14.2.5 It is also of interest to examine the distribution of the composite conservation value amongst the broader groups of birds at family/subfamily level. Two groups of water birds herons and curlews, and one group of terrestrial birds hawks and vultures have significantly low composite conservation values. These have all very broad geographical distributions. Although the hawks and vultures have a significantly higher value in terms of endangerment, and curlews and sandpipers significantly higher value because of their more limited habitat preference, their CCVs are still significantly lower than the general population.
14.2.6 Three groups namely thrushes and chats, pheasants and quails and babblers and laughing thrushes have significantly higher CCVs. These they owe in all three cases to more restricted geographical distributions, and in the case of pheasants and quails also to significantly higher degree of endangerment. Three other groups of birds are notable for relatively high values along some of the dimensions of conservation value, though their CCV is not significantly higher. These include ducks and geese and pigeons and doves that have significantly high values in terms of endangerment, and woodpeckers that have significantly higher values in terms of restricted geographical distribution. Virakkala et al have suggested the use of woodpeckers as indicators of the health of forest habitats of Finland. For the terrestial habitats of Western Ghats the babblers would evidently be an appropriate choice as the group with the highest CCV.
Valuing habitats

14.2.7 Having thus quantified the conservation value at the species level, we can proceed to assign values to habitats on the basis of species they harbour. Most of the earlier exercises of this nature have primarily relied on species richness. An important advance in this context has been the use of taxonomic information as suggested Vane Wright and his co-workers. Our concept of mean composite conservation value is another attempt in this direction. It is notable that the two habitat types with lowest mean CCV, gardens and scrub savanna are also richest in the number of species whereas more natural habitats like shola-grassland and evergreen forest harbour comparatively lower number of rarer species which have a high conservation importance. This is because the former habitats are highly heterogeneous spatially and are colonised by a large number of opportunistic species with wide geographical distributions and broad habitat tolerances. It then appears appropriate not to base conservation decisions on simple species richness, strengthening the case for using a measure such as the mean composite conservation value. The mean CCV for shola-grassland is significantly higher than all other values, that of evergreen and semi-evergreen forests significantly higher than that of scrub- savanna and habitation,and that of deciduous forests significantly higher than that of gardens (all statistically significant at p < 0.05). The differences between evergreen forests, semi-evergreen or deciduous forests and monoculture tree plantations are not significant. A caveat is however in order here. All the localities surveyed by us are a highly intricate mosaic of several of these habitat types. In particular, the monoculture tree plantations surveyed are of small extent and tend to abut on patches of evergreen and, deciduous forests. Their bird communities though often poorer in total number of species, are made up of many elements from neighbouring forest habitats. This may be the reason why their mean CCV is not significantly lower in comparison with evergreen and deciduous forest types.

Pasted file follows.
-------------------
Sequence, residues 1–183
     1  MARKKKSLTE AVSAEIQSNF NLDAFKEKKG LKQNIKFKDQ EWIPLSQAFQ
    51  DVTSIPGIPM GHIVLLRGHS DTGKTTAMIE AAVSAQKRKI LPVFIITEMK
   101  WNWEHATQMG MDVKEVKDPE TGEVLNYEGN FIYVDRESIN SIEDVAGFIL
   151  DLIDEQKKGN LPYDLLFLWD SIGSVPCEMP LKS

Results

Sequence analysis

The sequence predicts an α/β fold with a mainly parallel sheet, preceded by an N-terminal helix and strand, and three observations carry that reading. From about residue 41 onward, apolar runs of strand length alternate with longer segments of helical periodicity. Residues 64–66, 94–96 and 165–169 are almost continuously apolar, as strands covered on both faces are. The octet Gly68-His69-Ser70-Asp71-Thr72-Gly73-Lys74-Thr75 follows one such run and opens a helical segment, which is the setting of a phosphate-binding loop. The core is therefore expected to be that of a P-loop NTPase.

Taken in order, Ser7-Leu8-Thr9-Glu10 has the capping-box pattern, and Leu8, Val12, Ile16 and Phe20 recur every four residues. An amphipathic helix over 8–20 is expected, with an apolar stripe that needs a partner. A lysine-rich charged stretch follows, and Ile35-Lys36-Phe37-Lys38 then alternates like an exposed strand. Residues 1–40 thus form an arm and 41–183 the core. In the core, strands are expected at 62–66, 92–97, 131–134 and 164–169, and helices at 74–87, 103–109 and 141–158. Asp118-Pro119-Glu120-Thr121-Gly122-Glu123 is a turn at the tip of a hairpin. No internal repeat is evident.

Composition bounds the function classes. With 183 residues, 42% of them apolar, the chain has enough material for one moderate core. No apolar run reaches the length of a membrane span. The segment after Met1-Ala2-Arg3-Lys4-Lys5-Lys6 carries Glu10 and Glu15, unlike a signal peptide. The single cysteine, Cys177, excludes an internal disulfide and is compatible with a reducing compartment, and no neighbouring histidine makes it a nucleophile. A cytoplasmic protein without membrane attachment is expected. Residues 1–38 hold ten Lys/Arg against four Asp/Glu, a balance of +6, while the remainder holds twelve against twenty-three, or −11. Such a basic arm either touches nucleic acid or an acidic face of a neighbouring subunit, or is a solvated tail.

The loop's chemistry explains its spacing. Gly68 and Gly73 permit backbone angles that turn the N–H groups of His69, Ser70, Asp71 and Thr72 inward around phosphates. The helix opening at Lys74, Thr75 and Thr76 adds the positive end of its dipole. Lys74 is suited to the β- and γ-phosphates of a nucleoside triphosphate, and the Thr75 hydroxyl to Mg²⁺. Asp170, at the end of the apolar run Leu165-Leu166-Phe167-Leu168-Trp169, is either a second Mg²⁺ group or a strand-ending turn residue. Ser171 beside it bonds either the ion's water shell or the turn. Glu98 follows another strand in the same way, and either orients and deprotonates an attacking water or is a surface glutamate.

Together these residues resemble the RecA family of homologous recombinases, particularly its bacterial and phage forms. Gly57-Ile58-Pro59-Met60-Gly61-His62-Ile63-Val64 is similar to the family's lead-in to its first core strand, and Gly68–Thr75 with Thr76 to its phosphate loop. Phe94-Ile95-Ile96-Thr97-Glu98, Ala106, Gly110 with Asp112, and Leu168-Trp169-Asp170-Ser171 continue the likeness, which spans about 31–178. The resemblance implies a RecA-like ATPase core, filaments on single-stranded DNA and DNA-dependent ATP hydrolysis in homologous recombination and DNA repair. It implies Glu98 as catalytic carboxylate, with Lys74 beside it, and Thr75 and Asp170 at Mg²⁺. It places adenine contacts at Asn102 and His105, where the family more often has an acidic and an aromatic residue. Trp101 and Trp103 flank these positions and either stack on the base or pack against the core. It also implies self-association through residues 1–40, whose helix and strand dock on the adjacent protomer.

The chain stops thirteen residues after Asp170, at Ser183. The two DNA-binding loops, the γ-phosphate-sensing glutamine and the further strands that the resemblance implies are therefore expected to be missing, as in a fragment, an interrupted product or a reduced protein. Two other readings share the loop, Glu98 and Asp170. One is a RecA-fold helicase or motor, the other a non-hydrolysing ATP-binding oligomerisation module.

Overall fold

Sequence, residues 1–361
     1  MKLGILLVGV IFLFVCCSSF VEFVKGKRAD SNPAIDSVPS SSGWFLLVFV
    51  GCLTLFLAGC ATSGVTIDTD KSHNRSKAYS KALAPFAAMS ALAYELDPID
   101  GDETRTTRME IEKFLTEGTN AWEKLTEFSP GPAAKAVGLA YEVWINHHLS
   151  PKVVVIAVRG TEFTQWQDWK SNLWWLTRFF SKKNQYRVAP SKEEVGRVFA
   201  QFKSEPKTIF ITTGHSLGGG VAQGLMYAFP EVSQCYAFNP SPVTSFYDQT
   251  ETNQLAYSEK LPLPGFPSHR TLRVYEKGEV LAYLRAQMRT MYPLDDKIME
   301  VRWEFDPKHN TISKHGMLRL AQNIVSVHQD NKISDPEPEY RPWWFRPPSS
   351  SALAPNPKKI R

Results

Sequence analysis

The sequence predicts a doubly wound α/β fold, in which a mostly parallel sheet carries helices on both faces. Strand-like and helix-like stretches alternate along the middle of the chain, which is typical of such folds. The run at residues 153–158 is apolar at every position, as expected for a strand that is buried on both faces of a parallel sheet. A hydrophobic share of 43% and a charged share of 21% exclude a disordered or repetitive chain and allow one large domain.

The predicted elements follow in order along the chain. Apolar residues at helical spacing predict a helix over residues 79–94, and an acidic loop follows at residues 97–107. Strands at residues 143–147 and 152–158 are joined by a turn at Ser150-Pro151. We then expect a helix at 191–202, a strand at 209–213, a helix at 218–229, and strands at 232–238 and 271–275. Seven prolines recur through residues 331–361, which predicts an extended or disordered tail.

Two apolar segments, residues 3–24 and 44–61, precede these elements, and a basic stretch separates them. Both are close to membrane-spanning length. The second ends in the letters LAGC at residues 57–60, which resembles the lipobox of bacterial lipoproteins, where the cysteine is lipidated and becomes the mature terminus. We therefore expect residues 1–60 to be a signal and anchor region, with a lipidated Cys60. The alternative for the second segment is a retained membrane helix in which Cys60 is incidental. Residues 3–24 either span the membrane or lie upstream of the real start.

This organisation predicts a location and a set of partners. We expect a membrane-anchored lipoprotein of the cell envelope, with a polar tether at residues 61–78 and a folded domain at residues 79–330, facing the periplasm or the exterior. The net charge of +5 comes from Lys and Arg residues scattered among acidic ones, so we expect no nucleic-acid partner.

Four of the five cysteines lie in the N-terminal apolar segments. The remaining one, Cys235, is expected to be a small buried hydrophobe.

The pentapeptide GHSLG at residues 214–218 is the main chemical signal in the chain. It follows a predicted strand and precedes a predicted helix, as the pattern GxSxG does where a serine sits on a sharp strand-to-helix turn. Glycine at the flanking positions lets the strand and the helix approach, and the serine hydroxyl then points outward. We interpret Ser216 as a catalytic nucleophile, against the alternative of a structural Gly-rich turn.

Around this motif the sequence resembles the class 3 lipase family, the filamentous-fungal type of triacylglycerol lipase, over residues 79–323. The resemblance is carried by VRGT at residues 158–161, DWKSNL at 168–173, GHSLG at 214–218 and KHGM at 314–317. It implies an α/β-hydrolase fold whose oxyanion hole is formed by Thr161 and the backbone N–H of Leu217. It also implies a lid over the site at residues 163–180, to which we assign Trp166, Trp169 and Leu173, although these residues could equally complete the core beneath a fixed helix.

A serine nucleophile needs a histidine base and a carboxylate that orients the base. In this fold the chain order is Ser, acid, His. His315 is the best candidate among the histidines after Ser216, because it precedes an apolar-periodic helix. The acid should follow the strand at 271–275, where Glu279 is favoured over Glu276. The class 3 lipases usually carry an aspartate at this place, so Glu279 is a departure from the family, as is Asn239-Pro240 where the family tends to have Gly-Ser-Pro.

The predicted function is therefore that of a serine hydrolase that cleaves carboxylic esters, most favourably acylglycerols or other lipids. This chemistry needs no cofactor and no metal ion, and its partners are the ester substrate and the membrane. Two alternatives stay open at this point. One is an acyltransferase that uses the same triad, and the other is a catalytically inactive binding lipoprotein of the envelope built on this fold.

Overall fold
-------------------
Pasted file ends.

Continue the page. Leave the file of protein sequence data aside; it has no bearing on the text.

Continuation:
Exploring conservation values for ecotope types
14.2.8 Sixteen ecotope or landscape element types were identified in the Mala cluster. Fifteen of these were sampled for birds, butterflies and aquatic macroinvertebrates (Table 15). Representative patch of each landscape element type was visited between November 1999 and March 2000 to prepare a comprehensive checklist for birds, butterflies and aquatic macroinvertebrates. Both sighting records and indirect evidences (calls for birds) were used to prepare the checklists. Kick netting and all out search method were employed to sample aquatic macroinvertebrates.

Table 15. Ecotope Types of Mala cluster and taxa sampled.


Ecotope Type

Birds

Butterflies

Aquatic Macroinvertebrates

Evergreen

+

+




Semi evergreen

+

+




Riparian

+

+




Scrub

+

+




Thicket

+

+




Grassland

+

+




Paddy field

+

+




Casuarina plantation

+

+




Hopea plantation

+

+




Arecanut garden

+

+




Coconut grove

+

+




Cashew plantation

+

+




Rubber plantation

+

+




Acacia plantation

-

-




Human habitation

+

+




Streams







+